Category: Foreign


Samba

July 21st, 2015 — 7:36pm

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Samba-sp (In French with English subtitles)

Among the political issues currently debated in the United States as well in other countries throughout the world is how to deal with illegal or undocumented immigrants. This is the main focus of this French film written and directed by Olivier Nakache and Eric Toledano starring Omar Sy. This trio got together to make Intouchable in 2011 which became the second biggest box office hit in French history. It also did very well in the United States

Omay Sy in the current film plays Samba, an immigrant from Senegal, who has been living in France for 10 years. He, like many other people who don’t have proper citizenship papers must live in the shadows and are susceptible to arrest and deportation. Samba is discovered and temporarily placed in a detention center where he meets Alice (Charlotte Gainsbourg), a young executive who was trying to stabilize her life by doing volunteer work in this facility. Samba is released with the expectation that he will go back to his home country. It is at this point in the film that we see him and other people in similar situations as they struggle to get illegal identification papers, procure jobs ranging from working in restaurants, hotel kitchens, cleaning windows in high-rise buildings or even just doing day labor. We get an insight into the painful life of trying to survive in this environment often while sending money home to their families.

Although they are coming from different places in life, Samba and Alice are drawn to each other and these wonderful actors create a very real chemistry between them. Even though we felt this 118-minute film could have been shortened and tied together a little better, the result is clearly a very interesting, enjoyable and thought provoking movie. We came away from it having empathy for the determination of a long line of undocumented immigrants who struggle for years to try to stay in their chosen country and become legitimate for themselves and ultimately for their children. Obviously, there are other points of view on this complicated political and social issue. However, if this movie reaches even half the audience that the last collaboration of this writer/director and star did, it will stand a chance of significantly influencing the great debate on immigration. (2015)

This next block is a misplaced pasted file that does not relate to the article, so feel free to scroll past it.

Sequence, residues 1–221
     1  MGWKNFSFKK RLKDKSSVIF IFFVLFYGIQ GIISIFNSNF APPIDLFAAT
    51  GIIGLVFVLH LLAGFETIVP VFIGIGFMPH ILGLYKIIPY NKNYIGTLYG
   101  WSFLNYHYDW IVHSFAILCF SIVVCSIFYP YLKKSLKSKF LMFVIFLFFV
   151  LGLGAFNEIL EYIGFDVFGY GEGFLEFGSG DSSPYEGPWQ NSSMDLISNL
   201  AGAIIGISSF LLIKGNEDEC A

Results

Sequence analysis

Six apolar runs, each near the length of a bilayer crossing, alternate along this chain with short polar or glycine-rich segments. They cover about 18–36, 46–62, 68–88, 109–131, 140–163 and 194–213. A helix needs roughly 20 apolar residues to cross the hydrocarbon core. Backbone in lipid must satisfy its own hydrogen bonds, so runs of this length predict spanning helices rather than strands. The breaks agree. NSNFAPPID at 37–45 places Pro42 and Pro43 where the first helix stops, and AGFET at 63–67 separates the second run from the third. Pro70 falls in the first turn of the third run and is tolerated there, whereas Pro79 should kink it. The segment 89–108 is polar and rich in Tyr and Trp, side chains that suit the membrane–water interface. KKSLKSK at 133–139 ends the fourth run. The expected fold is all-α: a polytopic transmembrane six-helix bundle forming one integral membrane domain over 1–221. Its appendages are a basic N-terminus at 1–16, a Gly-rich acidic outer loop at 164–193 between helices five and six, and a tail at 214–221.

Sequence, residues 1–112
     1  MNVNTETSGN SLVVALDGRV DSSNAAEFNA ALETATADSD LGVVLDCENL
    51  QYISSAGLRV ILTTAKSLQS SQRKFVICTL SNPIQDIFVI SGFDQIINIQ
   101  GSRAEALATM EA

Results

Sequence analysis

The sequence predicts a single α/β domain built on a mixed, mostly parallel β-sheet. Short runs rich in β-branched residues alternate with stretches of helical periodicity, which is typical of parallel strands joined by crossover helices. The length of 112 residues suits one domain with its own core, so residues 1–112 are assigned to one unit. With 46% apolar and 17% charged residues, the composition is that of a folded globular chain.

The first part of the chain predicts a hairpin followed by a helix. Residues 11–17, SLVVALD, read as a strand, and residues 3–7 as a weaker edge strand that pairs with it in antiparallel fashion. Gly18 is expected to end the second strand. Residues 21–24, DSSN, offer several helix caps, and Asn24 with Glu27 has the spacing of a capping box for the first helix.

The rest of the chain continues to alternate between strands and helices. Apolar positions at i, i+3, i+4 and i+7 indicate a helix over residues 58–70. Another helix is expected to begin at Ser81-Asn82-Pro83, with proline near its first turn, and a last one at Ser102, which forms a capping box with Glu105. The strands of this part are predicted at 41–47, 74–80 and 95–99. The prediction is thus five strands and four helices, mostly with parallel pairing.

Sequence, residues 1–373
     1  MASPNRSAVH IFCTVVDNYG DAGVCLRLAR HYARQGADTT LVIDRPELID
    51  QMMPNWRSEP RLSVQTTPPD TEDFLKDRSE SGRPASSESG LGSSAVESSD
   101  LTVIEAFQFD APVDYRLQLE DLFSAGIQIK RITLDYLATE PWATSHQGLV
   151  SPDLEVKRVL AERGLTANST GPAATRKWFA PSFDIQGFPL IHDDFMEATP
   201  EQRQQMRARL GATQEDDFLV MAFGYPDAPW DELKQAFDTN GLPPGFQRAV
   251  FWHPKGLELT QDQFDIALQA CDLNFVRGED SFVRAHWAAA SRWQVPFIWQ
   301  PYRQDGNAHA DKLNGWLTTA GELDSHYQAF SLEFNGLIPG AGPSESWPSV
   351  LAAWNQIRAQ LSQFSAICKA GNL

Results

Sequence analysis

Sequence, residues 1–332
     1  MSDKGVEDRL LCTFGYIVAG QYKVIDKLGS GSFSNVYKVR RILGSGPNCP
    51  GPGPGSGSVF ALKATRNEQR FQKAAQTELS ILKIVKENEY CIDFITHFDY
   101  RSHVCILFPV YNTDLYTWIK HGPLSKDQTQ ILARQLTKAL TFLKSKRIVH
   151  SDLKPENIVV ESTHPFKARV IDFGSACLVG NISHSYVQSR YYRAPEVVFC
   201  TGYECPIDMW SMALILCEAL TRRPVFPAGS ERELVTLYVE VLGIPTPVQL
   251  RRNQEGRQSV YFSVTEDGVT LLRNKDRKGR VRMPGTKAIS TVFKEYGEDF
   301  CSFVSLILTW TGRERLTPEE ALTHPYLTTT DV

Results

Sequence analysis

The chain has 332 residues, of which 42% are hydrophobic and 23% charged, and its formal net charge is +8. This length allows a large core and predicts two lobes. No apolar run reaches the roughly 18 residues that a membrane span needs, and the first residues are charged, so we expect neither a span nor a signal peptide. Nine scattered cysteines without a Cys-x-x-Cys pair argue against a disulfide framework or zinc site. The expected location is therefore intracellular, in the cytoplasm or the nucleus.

Comment » | 4 Stars, Drama, Foreign

Jimmy’s Hall

June 18th, 2015 — 6:22pm

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Jimmy’s Hall – sp

This is a touching film made by veteran director, Ken Loach who is mostly known for his acclaimed work in Europe, with a screenplay by Paul Laverty. It deals with an important part of Irish history with which most Americans are not very familar. It is based on a real character, Jimmy Gralton (Barry Ward) who was an idealistic Irish leader whose main claim to fame, was running Jimmy’s Hall in an obscure Irish  town, first in the 1920s and then 10 years later, in the 1930s. In this hall, (which was really a home or a cabin) men, women and children would gather to sing the popular music of the time and likewise do the popular dances, children would also sing and dance and learn history and some of the older boys would learn how to box. There would be lively discussions and a good time would be had by all. So what is wrong with this? Where is the conflict and where is the story? While we are not intimately familiar with Irish history and the film does not spell everything out to be crystal clear, we do know there was great turmoil in Ireland during this time period. In particular, the Catholic Church vividly depicted by Father Sheridan (Jim Norton) did not like the idea that people would dance and sing or even learn outside the auspices of the church. There was also a great economic and social upheaval notably between Ireland and Great Britain during this time as well as class warfare between the prosperous landowners and the workers. There was great dislike by many for socialism and of course for communism when that became an important issue. Jimmy was an idealist who spoke his mind which led to him being deported from Ireland without a trial or even any hearing. There is a sad love element as when Jimmy first returned, he is reunited with his old girlfriend, Oonagh (Simone Kirby) who is now happily married with children but still shares her simmering love for her old boyfriend. That is really the theme of the movie – so many unhappy people who are dealing with political and social issues which were much bigger than all of them. This is a well-done film but it never really breaks out. (2015)